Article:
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Front basket or rear baskets

Old 08-18-15, 09:02 PM
  #1  
Stiffy
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Front basket or rear baskets

Hello Bike Forums,

I've recently started bike commuting to work and I've noticed that wearing a backpack makes my back sweat really bad. I want to use a basket to keep my backpack in so I don't sweat so much while I ride. Which is better and why, a front handlebar basket or a rear basket on the side, like a pannier?

A few things to consider:
  • I want to use front and rear blinking lights so cars can see me
  • I don't want my backpack to block my lights
  • I want to keep cost at a minimum, rear baskets would require a rack where the front basket does not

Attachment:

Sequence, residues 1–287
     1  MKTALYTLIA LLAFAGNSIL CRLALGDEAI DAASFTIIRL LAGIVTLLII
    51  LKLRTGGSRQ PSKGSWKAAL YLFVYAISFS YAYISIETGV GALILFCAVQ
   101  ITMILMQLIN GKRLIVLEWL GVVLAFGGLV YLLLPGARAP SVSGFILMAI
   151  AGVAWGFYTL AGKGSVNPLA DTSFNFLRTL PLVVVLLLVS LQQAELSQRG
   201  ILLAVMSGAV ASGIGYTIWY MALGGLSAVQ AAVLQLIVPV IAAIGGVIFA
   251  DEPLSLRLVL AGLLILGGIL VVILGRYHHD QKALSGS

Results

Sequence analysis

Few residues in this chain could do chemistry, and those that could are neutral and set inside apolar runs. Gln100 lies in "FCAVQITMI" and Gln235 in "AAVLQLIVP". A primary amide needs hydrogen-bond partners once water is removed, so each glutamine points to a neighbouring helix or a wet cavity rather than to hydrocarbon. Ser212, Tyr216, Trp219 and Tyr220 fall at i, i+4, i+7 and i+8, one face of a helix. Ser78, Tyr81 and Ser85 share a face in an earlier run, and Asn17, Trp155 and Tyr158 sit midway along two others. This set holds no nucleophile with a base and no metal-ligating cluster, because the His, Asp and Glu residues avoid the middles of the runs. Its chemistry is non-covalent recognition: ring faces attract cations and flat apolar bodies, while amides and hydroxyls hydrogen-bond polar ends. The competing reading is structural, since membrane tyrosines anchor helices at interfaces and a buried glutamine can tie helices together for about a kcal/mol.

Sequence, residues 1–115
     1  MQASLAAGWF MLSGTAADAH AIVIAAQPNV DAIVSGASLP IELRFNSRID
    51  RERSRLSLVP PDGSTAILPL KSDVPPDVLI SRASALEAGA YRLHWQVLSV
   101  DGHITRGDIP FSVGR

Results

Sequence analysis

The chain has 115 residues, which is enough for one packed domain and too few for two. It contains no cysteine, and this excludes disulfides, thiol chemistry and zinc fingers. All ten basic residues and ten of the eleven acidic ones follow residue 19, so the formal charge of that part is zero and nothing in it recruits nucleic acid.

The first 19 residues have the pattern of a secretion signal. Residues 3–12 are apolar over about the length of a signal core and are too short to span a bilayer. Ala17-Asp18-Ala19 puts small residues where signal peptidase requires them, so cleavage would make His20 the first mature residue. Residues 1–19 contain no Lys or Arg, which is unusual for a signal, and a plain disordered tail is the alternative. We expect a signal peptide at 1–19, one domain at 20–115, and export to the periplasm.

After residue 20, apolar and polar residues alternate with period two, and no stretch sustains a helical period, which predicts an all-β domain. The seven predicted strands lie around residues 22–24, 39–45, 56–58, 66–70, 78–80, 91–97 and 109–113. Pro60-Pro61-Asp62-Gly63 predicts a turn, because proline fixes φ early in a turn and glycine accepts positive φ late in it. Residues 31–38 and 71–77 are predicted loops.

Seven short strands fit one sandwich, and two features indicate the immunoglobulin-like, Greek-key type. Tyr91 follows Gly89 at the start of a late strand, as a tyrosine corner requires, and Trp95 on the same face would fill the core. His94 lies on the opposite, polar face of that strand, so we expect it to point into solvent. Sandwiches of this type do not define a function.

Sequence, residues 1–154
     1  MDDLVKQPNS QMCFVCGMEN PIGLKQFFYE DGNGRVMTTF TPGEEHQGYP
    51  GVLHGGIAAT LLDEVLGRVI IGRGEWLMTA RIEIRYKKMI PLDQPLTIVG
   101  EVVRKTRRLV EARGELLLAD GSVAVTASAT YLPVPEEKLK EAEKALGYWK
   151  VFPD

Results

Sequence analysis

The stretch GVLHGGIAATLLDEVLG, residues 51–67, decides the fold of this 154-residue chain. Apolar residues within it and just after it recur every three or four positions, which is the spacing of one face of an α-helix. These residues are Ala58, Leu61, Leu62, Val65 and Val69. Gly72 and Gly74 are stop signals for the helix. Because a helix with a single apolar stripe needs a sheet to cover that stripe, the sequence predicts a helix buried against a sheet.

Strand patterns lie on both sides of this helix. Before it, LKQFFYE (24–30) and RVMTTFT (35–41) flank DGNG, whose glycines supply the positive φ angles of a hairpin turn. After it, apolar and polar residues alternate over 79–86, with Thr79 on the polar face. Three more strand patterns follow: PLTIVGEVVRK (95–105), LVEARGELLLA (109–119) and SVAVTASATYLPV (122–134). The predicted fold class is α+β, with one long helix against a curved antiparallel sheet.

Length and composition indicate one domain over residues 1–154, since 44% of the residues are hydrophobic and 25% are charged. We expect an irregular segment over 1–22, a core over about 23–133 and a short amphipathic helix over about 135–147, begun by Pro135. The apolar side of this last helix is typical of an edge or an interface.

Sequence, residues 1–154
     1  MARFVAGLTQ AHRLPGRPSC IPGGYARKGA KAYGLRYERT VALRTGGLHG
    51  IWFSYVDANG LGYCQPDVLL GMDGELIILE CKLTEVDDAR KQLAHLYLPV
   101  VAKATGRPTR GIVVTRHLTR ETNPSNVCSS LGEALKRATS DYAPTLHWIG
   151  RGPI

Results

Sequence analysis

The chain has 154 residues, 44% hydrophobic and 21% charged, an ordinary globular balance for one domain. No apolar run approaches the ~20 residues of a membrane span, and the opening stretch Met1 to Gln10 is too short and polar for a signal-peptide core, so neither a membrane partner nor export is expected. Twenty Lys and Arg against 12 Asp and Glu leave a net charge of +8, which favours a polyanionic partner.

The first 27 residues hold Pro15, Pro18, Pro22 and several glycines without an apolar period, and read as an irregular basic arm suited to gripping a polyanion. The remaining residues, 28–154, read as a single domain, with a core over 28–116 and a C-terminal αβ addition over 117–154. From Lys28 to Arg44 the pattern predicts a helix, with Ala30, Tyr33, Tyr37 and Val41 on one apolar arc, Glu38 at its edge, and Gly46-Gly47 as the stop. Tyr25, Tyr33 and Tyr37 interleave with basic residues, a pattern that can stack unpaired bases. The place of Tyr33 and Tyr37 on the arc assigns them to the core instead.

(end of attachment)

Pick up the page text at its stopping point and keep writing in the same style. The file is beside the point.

• I'm worried that having a backpack on a rear side basket would make the bike feel weird and unbalanced, causing me to lose balance easily
I'm currently looking at these baskets
Wald 582 Rear Basket
Wald 3133 Front Basket

What would you guys recommend?
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Old 08-18-15, 09:06 PM
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I don't like to slow down my steering by adding extra mass to the front wheel. Rear baskets please. I usually use a single rear pannier on my rear rack. Unless you're carrying bowling balls or barbells, the weight difference side to side won't affect you much.
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Old 08-18-15, 09:37 PM
  #3  
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the good use of front basket, handlebar bags, or fork panniers is weight distribution. if you dont weigh a lot loading the rear of the bicycle is not an issue. if so you could always get a stronger rear wheel.
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Old 08-18-15, 09:51 PM
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Originally Posted by Stiffy View Post